There are also four distinct series of records which document Berul Sugarman, who was a concert violinist and orchestral leader; the Franklin family, who owned a large amount of property in Toronto in the late 1800s and early 1900s; radio and television scripts written by Wayne and Shuster, Henry Karpus and Russell Bradley; and a collection of Turofsky photographs.
Notes
Physical description note: Includes 49 objects, 25 photographs, 7 audio recordings and 4 prints.
Name Access
Norman, Morris
Norman, Jessie
Creator
Norman, Morris (1946-)
Accession Number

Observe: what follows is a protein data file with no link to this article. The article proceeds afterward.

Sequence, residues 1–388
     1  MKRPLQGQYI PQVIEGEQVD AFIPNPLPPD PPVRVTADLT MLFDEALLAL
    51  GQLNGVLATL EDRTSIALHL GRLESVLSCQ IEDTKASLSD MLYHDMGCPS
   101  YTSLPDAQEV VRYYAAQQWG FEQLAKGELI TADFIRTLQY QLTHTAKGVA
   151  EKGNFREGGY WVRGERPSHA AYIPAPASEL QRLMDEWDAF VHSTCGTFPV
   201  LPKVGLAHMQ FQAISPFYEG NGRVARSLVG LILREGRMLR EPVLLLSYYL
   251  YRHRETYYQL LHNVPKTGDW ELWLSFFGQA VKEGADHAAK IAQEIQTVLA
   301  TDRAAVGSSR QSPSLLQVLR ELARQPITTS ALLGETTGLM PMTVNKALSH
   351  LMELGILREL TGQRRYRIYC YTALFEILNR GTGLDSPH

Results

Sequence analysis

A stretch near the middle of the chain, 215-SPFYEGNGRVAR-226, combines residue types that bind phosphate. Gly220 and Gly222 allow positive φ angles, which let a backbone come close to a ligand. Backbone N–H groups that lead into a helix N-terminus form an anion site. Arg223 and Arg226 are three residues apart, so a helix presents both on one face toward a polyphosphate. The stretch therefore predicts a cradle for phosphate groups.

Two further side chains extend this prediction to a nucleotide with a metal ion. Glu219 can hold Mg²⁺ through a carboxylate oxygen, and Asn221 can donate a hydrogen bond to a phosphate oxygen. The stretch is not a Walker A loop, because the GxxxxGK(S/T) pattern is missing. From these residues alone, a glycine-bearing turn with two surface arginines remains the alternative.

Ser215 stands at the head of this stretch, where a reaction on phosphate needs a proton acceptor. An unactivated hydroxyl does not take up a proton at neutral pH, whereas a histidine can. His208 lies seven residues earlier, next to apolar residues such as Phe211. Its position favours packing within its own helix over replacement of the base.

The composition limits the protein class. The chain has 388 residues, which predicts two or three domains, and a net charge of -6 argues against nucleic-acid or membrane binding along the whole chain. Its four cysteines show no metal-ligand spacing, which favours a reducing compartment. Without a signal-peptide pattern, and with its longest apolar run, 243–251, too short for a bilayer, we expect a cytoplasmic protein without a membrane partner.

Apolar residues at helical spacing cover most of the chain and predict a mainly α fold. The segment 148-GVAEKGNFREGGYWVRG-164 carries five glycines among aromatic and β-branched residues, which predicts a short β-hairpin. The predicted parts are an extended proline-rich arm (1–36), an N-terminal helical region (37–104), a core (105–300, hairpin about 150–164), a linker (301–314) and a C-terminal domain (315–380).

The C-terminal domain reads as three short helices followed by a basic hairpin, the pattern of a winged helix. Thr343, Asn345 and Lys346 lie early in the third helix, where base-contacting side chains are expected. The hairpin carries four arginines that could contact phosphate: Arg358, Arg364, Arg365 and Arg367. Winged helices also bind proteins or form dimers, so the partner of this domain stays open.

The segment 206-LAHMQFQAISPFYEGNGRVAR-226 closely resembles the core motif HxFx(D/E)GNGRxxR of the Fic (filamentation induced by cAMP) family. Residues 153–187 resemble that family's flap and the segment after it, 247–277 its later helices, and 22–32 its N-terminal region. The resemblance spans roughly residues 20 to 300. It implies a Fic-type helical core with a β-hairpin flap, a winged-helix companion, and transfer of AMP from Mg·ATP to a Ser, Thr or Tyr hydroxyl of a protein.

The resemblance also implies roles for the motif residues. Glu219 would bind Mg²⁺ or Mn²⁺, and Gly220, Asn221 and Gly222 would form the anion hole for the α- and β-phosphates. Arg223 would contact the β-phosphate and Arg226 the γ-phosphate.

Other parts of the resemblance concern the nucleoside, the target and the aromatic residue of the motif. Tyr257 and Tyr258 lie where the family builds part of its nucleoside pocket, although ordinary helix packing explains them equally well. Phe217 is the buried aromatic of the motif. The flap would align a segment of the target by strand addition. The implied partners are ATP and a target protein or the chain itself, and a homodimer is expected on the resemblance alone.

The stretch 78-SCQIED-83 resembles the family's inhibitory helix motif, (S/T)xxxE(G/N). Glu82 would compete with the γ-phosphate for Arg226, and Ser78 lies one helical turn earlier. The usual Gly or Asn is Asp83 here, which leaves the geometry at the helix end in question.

1995-9-3
1995-9-4
1995-9-8
1996-6-3
1996-7-3
1996-9-1
1997-7-1
1998-1-1
1998-3-44
1998-7-2
1999-10-1
2000-7-4
2000-12-3
2001-3-3
2001-4-3
2001-8-5
2001-10-6
2001-11-1
2002-4-1
2002-5-1
2002-7-1
2002-9-1
2002-10-5
2002-10-58
2002-12-3
2003-5-3
2003-10-6
2004-7-4
Source
Archival Descriptions
Part Of
Dora Till fonds
Level
Fonds
ID
Fonds 52
Source
Archival Descriptions
Part Of
Dora Till fonds
Level
Fonds
Fonds
52
Material Format
multiple media
Date
1921-1986
Physical Description
1.4 m of textual records and other material
Admin History/Bio
Dora Till (1896-1987) was a leading member of the Toronto Jewish community. She helped found and served on the executives and boards of many organizations, including the Federation of Jewish Philanthropies of Toronto, the United Jewish Welfare Fund (UJWF), the Candian Jewish Congress Central Region, and the Baycrest Hospital Women's Auxiliary. She was honoured numerous times in her life with awards and tributes for her contributions to the Jewish community.